I was inspired to watch The O.C. from the beginning after seeing the unauthorized musical version of it a couple months back. While I was certainly familiar with the show, having seen many scattered episodes over the years, I had never sat down and watched the entire thing from beginning to end. Let me tell you, it has proven to be a great decision.
There are so many delightful things about this show. For starters, despite only running for four seasons, it is basically iconic in terms of early 2000s high school pop culture. There are a few reasons I think this show caught on the way it did. For starters, the characters are great, witty, and easy to root for despite the fact that they are hot messes more often than not. The pilot episode is very well done, setting up multiple romances, tropes, and conflicts in a way that really hooks you. But most importantly, this show understands how to create a moment. One of the most lasting legacies of The O.C. is its music—it inspired six soundtracks during its time on the air, and many of its most talked-about moments revolved around an inspired song choice (mmm whatcha say, anyone?).
Let’s rewind for a second and talk about the pilot. Enter Sandy Cohen (Peter Gallagher), an optimistic public defender assigned to the case of Ryan Atwood (Ben McKenzie) and his brother, Trey. Sandy ends up rescuing Ryan from his broken, abusive home in the ghetto, aka Chino, and whisking him home to live in the pool house of his Newport Beach mansion. His wife, Kirsten (Kelly Rowan), a wine-drinking, real estate CFO with major daddy issues, is skeptical at first, but grows to accept Ryan as a second son. Sandy and Kirsten’s first son, Seth (Adam Brody) is a comic book-loving, video game-playing nerd with a witty comeback for everything. Ryan’s short fuse and wrong side of the tracks background plus the Cohens’ Orange County affluence? It’s a classic set-up. Ryan is barely at the Cohens’ for five minutes when he has a meet cute with the troubled girl next door (as in, she literally lives next door), Marissa Cooper (Mischa Barton). “Who are you?” she asks him, fascinated by his bad boy mystique. “Whoever you want me to be,” he replies in a way that is somehow more charming than sleazy. Seth, meanwhile, is hopelessly crushing on popular girl Summer Roberts (Rachel Bilson), who also happens to be Marissa’s best friend.
This show made some very smart choices in season 1 and evolved based on what was working and what wasn’t. For example, Summer was initially not conceived as a major character, but her chemistry with Seth (the two actors dated in real life for almost the entire run of the show) made them a fan favorite couple almost immediately. The show also found ways to adjust to its shortcomings—particularly in season one, Mischa Barton is not a good actress. While I think she gets better as the series goes on, you have to wonder how that may have affected things. The show is also incredibly self-aware, constantly poking fun at itself, often through the lens of The Valley, an O.C.-like show the characters watch and obsess over. Later, they even reference the reality show it inspires, Sherman Oaks: The Real Valley, which is undoubtedly a jab at Laguna Beach. The show is a very soapy dramedy—while there are certainly some very serious situations, everything is tinged with an air of melodrama and humor.
Speaking of melodrama, there are some storylines in the first two seasons that are downright ridiculous. Like that time in season one where Ryan and Seth go to Vegas, we learn Ryan can count cards (although this is never utilized or mentioned again), he wins thousands of dollars on a black market poker game, and Seth accidentally spends it all on hookers. Or that time when a bunch of high school kids casually go to Tijuana (or, as they call it, TJ) for a pre-school weekend of debauchery. Or when Seth runs away and somehow sails from Orange County to Portland? I may not be a geography expert, but this has always seemed sketchy to me. There’s that time when Kirsten’s penchant for wine drinking rapidly devolves into serious alcoholism in the span of about four episodes (as well as Marissa’s ongoing, largely ignored and less subtle alcoholism). And of course we can’t forget Oliver, Marissa’s stalker she meets in therapy, or Luke, who has the most bizarre arc in season one. Marissa loses her virginity to him, he cheats on her in TJ, he finds out his dad is gay, his classmates feel sorry for him, he starts having a secret affair with Marissa’s mom, Julie (Melinda Clarke), and nearly dies drunk driving when she upsets him. I mean…what? It makes no sense, but it’s fun to watch.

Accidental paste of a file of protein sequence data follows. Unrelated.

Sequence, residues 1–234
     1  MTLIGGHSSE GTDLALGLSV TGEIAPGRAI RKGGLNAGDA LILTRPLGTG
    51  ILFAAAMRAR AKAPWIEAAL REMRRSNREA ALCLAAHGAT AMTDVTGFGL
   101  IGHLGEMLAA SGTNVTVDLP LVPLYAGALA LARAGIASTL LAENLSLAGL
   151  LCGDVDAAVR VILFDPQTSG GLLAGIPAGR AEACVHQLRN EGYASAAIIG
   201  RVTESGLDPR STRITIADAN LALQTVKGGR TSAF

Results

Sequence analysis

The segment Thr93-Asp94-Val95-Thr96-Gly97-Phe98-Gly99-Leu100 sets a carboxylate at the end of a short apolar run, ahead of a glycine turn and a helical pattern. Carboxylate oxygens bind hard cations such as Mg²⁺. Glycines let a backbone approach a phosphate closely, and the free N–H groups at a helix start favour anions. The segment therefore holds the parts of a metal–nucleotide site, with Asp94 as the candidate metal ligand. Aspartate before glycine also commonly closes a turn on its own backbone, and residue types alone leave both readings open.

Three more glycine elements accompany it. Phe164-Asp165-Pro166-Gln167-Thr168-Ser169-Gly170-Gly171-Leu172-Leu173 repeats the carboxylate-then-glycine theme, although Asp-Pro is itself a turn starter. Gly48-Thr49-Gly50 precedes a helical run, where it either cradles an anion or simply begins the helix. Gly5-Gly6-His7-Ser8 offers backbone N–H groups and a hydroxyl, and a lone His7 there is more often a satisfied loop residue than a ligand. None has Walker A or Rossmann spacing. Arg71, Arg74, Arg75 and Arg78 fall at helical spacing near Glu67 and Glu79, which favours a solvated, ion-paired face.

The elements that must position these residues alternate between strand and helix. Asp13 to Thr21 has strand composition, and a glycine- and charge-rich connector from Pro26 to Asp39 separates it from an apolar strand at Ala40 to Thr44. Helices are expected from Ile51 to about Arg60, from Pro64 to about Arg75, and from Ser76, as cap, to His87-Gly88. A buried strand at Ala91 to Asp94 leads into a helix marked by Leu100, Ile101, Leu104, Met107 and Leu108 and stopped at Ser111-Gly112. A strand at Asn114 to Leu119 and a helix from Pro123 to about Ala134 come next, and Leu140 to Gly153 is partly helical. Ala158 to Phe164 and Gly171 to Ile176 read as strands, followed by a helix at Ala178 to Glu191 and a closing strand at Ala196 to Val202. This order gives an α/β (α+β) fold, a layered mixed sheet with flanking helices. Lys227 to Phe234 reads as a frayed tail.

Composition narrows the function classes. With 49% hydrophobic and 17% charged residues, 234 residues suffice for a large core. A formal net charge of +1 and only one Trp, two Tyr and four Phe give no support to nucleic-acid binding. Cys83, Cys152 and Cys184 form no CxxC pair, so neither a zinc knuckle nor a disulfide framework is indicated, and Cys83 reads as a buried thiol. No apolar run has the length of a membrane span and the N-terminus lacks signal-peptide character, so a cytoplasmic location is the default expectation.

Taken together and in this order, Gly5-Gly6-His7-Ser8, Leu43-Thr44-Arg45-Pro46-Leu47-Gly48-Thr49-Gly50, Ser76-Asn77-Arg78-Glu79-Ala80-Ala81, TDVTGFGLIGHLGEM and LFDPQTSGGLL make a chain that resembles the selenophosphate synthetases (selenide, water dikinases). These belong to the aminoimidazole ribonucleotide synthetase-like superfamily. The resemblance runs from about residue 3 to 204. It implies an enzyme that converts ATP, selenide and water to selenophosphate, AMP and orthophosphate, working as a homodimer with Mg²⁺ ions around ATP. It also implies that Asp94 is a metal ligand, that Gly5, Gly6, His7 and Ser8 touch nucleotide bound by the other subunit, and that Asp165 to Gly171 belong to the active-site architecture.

Something I’ve found amusing and occasionally frustrating while revisiting this show is realizing how little time the two central couples actually spend happily together. It seems Ryan and Marissa nor Seth and Summer can go more than two episodes without getting into a fight or becoming embroiled in some sort of love triangle or literal tragedy. While the show loves throwing conflict at them, when they are on they are on. I mean, who can forget Seth and Summer’s upside down Spiderman kiss in the rain (set, of course, to “Champagne Supernova”)? Or Ryan and Marissa’s first kiss on the ferris wheel, or him running in to kiss her on New Year’s Eve at the stroke of midnight?
For a show primarily about teenagers, it also does a fantastic job of making the parents interesting, well-rounded characters whom you care about just as much as their kids. I think I get more upset when Sandy and Kirsten fight than when Seth and Summer fight. Even Julie Cooper, mess that she is, never fails to entertain. The show makes me laugh, it makes me cry, it makes me Youtube songs from it to play on repeat, it makes me cringe, it makes me both miss and not miss being a teenager. Now, if you’ll excuse me, I have more episodes of season 3 to watch.